Fixing the Refugee and Undocumented Immigrant Issue

Immigrants make this country great. They make every country great. That said, a nation should be able to determine who comes in and the terms under which they may or may not stay.

But what do we do with the undocumented immigrants who are already here?

Our solution is very simple.

Every undocumented immigrant who is currently employed should be  paid $45 per hour. Minimum. If the employer wants to give their undocumented employees more, fine.

The logic behind this solution?

First, all workers deserve a basic wage that gives them the ability to pay the rent, cover child care, buy food and cover utilities.

Second, undocumented workers historically take positions with higher risk to their health and well-being. Undocumented workers are often employed in the first place because they take a lower wage, while paying taxes, yet not qualifying for government benefits.

So, if employers must pay their undocumented employees $45 an hour then the real conversations begin. If it suddenly becomes less financially prudent to hire undocumented workers, then maybe people on both sides of the political spectrum change their stated arguments about the pros and cons of the current system.

All people deserve to be treated equitably, as human beings, not cattle or commodities.

This brings us to the subject of refugees. What is the best solution to give thousands of people a permanent place to rebuild their lives?

The only logical and humane solution is to put refugees in abandoned or empty strip malls across the country equitably. Where there is a closed Walmart, Kmart, Circuit City, Sears, BestBuy, JCPenney, there is an opportunity to provide immediate housing for hundreds of refugees looking for a reprieve from religious or political assault. By splitting up the total number of people who need assistance, we share the fiscal/ethical/legal/logistic responsibility of caring for them until a permanent solution can be found.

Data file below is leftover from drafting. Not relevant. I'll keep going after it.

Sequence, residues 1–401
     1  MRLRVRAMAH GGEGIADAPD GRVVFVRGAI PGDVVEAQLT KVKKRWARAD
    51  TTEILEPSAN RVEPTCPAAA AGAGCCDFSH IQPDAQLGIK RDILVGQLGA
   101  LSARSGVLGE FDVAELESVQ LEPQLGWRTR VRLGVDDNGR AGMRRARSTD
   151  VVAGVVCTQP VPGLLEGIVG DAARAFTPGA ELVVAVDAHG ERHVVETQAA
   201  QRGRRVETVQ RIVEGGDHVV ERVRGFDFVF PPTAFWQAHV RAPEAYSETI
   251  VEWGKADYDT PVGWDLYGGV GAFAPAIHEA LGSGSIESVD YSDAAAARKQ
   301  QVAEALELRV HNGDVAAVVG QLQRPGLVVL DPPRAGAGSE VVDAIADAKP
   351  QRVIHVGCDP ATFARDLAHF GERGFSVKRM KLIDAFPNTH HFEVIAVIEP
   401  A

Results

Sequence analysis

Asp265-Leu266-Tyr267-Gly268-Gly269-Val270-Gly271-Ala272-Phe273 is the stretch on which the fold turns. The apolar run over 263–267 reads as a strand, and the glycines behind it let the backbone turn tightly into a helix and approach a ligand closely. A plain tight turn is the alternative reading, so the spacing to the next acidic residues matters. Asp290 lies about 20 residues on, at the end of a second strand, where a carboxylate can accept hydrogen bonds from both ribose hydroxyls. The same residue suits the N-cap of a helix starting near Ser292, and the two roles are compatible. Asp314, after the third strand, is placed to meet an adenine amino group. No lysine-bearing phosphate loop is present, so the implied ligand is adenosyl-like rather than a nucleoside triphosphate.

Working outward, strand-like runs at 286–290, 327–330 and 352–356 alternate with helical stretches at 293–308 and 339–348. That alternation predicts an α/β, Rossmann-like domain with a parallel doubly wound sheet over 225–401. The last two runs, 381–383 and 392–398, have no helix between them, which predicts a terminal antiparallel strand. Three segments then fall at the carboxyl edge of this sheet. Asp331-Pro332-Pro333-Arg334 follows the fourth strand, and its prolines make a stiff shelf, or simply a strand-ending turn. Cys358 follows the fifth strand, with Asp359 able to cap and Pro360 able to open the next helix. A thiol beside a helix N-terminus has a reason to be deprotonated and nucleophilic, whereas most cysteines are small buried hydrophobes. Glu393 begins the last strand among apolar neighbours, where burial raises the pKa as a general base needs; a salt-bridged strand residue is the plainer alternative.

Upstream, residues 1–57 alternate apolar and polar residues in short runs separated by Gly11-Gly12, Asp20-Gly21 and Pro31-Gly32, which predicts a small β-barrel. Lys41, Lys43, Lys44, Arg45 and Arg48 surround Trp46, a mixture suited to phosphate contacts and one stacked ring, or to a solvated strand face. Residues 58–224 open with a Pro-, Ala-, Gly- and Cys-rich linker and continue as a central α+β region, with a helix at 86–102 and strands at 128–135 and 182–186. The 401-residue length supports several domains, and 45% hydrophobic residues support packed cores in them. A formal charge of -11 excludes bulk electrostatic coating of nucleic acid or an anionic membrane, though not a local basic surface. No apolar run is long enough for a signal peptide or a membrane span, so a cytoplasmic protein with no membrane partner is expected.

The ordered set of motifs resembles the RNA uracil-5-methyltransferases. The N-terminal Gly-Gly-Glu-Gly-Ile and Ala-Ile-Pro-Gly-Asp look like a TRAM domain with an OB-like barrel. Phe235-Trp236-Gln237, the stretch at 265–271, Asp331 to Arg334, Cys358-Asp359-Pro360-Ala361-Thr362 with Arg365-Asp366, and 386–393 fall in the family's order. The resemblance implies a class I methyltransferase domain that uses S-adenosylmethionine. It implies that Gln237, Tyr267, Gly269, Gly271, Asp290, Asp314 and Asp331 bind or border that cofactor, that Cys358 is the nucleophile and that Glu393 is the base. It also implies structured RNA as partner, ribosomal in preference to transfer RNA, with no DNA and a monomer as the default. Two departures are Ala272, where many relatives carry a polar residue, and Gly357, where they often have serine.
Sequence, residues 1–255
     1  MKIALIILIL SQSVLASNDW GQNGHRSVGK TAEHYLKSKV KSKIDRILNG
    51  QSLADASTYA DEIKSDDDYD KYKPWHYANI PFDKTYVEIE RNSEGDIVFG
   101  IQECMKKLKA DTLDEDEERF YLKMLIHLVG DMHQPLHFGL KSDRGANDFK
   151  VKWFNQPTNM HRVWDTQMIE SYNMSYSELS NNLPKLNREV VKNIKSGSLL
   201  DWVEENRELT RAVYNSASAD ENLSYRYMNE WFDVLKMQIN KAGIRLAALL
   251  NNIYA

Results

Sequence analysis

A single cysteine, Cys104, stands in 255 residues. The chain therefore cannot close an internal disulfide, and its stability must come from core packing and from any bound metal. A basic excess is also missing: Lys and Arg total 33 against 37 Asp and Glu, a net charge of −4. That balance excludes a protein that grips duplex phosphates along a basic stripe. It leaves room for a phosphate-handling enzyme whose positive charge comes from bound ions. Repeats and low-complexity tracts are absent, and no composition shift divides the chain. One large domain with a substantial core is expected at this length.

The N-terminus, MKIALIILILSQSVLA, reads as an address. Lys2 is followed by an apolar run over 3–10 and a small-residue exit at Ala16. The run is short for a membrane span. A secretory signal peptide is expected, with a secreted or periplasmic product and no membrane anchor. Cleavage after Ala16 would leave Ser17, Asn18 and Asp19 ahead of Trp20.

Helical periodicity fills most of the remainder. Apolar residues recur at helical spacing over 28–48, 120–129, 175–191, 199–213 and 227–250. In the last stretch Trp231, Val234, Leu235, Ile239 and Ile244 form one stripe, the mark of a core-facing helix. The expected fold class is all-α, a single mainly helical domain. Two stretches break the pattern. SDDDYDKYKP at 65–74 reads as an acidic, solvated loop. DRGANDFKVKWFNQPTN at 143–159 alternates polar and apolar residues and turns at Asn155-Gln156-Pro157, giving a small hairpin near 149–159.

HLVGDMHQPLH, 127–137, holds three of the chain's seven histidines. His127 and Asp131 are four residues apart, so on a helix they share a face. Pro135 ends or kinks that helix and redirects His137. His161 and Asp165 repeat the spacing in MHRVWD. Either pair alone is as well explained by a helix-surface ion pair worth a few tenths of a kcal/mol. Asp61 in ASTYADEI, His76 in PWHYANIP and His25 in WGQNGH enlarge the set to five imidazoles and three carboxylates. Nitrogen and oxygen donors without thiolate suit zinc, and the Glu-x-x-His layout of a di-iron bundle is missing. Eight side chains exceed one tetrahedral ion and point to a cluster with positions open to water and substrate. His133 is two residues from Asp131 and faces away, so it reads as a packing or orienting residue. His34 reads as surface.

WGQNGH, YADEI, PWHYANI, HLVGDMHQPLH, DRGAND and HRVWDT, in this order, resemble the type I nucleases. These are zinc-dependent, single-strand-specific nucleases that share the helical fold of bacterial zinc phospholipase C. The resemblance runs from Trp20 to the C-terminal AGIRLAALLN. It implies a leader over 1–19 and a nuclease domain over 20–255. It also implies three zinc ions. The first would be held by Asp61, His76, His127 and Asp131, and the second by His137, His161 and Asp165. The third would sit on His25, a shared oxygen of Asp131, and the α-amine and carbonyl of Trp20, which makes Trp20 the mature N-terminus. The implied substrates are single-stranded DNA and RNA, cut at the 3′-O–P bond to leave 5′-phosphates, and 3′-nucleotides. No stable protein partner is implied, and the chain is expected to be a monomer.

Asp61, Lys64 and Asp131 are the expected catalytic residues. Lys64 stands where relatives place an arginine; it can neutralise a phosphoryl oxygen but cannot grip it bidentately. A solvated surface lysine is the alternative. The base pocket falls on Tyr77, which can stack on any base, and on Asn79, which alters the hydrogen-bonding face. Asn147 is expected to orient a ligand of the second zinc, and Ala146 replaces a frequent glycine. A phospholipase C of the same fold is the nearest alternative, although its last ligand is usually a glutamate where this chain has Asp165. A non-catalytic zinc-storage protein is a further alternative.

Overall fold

The permanent solution of course, is returning every refugee to their homeland. That requires action on the part of government officials in countries where these exoduses are happening. Safe zones. Rebuilding damaged infrastructures. Offering guarantees that these hostile zones will be more tolerant and safe for returning refugees.

In the meantime, desolate buildings get a chance to do something noble. More importantly, if every town, county, city — in every state across the country — has the same chance to be used as a site to house refugees, we give office holders some real skin in the game, and help citizens see that human rights are a real issue that transcends political parties.